11e. Namibia: Etosha National Park (Day 2 of 3) The pan – 2015
The dry Etosha pan is a 60 by 120 kilometer dry salt lake and if you proceed far enough from the edge, you can’t see anything but a flat white floor.
This is probably the most end of the world like country I’ve ever visited. First the Skeleton Coast in the Namib desert and now the Etosha salt pan in the Kalahari desert. It’s hard to describe this place. I saw animals at the edge of the pan, but the more I drove onwards, the emptier the landscape got. And here I didn’t see anything but saltcrusted mud and blue sky above it. No birds either…
The Etosha pan is a large endorheic salt pan, forming part of the Kalahari Basin in the north of Namibia. The 120-kilometre-long (75-mile-long) dry lakebed and its surroundings are protected as Etosha National Park, one of Namibia’s largest wildlife parks. The pan is mostly dry but after a heavy rain it will acquire a thin layer of water, which is heavily salted by the mineral deposits on the surface of the pan, which most of the year is dry mud coated with salt.
Location and description
Etosha, meaning ‘Great White Place’ is made of a large mineral pan. The area exhibits a characteristic white and greenish surface, which spreads over 4,800 km2. The pan developed through tectonic plate activity over about ten million years. Around 16,000 years ago, when ice sheets were melting across the land masses of the Northern Hemisphere, a wet climate phase in southern Africa filled Etosha Lake. Today however the Etosha Pan is mostly dry clay mud split into hexagonal shapes as it dries and cracks, and is seldom seen with even a thin sheet of water covering it.
It is assumed that the Cunene River fed the lake at that time, but tectonic plate movements over time caused a change in river direction, resulting in the lake running dry and leaving a salt pan. Now the Ekuma River is the sole source of water for the lake. Typically, little river water or sediment reaches the dry lake because water seeps into the riverbed along its 250-kilometre (160 mi) course, reducing discharge along the way.
Flora and Fauna
The surrounding area is dense mopane woodland which is occupied by herds of elephants on the south side of the lake. Mopane trees are common throughout south-central Africa, and host the mopane worm, which is the larval form of the moth Gonimbrasia belina, and an important source of protein for rural communities.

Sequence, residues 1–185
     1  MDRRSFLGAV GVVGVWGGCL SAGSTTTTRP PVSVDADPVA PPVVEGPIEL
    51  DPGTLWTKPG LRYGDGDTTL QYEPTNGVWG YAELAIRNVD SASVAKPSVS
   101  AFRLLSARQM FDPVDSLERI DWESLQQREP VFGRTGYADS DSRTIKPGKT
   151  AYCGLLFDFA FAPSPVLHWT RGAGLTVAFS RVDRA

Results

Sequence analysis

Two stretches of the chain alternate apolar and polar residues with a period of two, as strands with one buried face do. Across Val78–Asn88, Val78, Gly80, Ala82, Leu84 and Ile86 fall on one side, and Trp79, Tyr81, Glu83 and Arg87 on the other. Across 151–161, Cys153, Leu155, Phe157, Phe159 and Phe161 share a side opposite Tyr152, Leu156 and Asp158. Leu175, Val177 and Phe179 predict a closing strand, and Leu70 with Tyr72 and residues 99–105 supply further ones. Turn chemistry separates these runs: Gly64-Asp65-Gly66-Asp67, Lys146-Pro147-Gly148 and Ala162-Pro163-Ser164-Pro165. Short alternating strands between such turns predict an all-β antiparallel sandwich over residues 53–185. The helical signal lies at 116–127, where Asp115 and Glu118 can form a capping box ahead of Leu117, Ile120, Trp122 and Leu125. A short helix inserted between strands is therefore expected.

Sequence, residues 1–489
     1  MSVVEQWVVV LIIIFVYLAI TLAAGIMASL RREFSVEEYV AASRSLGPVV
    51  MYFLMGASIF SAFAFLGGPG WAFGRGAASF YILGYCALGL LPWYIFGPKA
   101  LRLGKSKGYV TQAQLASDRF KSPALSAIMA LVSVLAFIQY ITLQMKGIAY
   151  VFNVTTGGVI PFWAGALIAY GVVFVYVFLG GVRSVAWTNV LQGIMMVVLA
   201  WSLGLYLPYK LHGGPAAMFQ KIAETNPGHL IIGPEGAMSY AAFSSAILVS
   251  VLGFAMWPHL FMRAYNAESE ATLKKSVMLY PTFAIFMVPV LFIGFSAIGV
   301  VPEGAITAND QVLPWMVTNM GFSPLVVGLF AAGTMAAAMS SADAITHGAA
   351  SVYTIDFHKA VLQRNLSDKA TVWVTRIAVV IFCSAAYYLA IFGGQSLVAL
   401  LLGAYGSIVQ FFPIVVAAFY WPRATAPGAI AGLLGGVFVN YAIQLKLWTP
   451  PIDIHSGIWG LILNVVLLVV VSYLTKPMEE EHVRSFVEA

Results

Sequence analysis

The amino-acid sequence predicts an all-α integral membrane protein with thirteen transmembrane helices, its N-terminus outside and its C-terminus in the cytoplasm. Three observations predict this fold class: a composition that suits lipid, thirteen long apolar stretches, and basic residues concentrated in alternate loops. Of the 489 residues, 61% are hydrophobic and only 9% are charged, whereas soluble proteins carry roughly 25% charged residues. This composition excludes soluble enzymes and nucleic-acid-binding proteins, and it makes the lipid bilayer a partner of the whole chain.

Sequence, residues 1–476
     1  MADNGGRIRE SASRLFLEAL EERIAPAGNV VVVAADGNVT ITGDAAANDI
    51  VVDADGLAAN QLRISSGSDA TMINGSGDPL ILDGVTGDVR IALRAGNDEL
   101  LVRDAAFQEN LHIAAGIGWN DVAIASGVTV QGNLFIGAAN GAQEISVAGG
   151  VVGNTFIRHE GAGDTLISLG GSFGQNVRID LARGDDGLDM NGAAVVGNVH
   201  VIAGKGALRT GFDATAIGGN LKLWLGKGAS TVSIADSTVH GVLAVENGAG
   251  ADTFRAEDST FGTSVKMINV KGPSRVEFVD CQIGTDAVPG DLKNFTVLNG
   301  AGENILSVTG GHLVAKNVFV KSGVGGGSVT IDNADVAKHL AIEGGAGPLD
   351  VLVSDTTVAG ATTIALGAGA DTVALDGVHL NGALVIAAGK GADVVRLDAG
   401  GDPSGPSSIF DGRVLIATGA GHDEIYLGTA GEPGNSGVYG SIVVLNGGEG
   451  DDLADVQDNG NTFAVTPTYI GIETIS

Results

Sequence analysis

The salt desert supports very little plant life except for the blue-green algae that gives the Etosha its characteristic colouring, and grasses like Sporobolus spicatus which quickly grow in the wet mud following a rain. Away from the lake there is grassland that supports grazing animals.
This harsh dry land with little vegetation and small amounts of salty water, when it is present at all, supports little wildlife all year round but is used by a large number of migratory birds. The hypersaline pan supports brine shrimp and a number of extremophile micro-organisms tolerant of the high saline conditions.(C.Michael Hogan. 2010.) In particularly rainy years the Etosha pan becomes a lake approximately 10 cm in depth and becomes a breeding ground for flamingos, which arrive in their thousands, and great white pelican (Pelecanus onocrotalus).
The surrounding savanna is home to a number of mammals that will visit the pan and surrounding waterholes when there is water. These include quite large numbers of zebra (Equus quagga), blue wildebeest (Connocheatus taurinus), gemsbok, eland and springbok (Antidorcas marsupialis) as well as black rhinoceros, elephants, lions, leopards, and giraffe.
Just to show you how the landscape of Etosha looked like when not on the pan I’ll post these few pictures with scrubs and grasses…
At nightfall The Wandelgek returned at the Halali campsite and after dinner he went to the waterhole to spot some more animals…
Late at the night, the sky was bright because of the billions of stars of the Milky Way shining towards Earth, I went to my cabin to shower and sleep.